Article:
With regard to identity, the main difference I noticed between the US and Germany is the binary way in which they identify. As Americans, our identity is much more fluid. For example I can identify as both American and Lebanese. The stricter identity structure in Germany I think is why the question of individuals with migrant backgrounds is so hotly debated. The fact that identifying with one country over another is not mutually exclusive is quite shocking.
Besides my own research project, the most interesting part of this program for me was German perceptions and uses of Native American culture and identity. It’s strange to think that Native American culture was appropriated in a positive light—they were seen as heroes instead of vicious savages. Regardless, appropriation is a negative action, but it was fascinating to see such a vastly different interpretation of a culture. For US purposes, Native American identity was appropriated as a justification for manifest destiny and the acquisition of land. For German purposes, Native American identity was appropriated in order to have a protagonist for a story. Karl May’s story lead to a national love of a culture and associated identity that didn’t actually exist. While the stereotypes differ, Germans and Americans use Native American identity in the same way—incorrectly.
My own research on memorialization also tied in well to identity, particularly how identity is constructed. The merging of East and West Germany in 1990 called for a merging of two very different identities. There is a dual relationship between the commemoration of that former divide and German identity. Changing German identity alters how the divide is commemorated but at the same time, how the divide is commemorated also alters German identity. Based off of my preliminary research, the East/West divide in Germany is still prevalent today. That is inarguable. However “what” is commemorated has changed greatly in the last 25 years. For example, memorials initially had the purpose of erasing East German identity. Slowly there has been a shift towards recognizing that divide however (you can read more about this in my paper).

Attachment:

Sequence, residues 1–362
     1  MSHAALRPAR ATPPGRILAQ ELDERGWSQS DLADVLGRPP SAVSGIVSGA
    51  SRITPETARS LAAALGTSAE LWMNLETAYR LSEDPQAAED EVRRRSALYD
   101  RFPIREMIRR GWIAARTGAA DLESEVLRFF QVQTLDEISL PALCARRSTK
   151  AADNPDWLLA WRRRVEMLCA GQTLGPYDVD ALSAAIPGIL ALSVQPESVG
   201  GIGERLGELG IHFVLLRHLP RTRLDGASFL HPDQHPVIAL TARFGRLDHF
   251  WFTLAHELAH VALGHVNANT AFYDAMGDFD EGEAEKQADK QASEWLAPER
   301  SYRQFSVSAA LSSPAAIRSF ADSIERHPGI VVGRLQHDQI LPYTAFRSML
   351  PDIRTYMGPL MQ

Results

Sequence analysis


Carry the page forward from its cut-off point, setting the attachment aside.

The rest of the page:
Overall, this program has made me realize that identity is much more important than I ever realized. I honestly didn’t think I’d become so interested in the research either. It would have been interesting to continue it.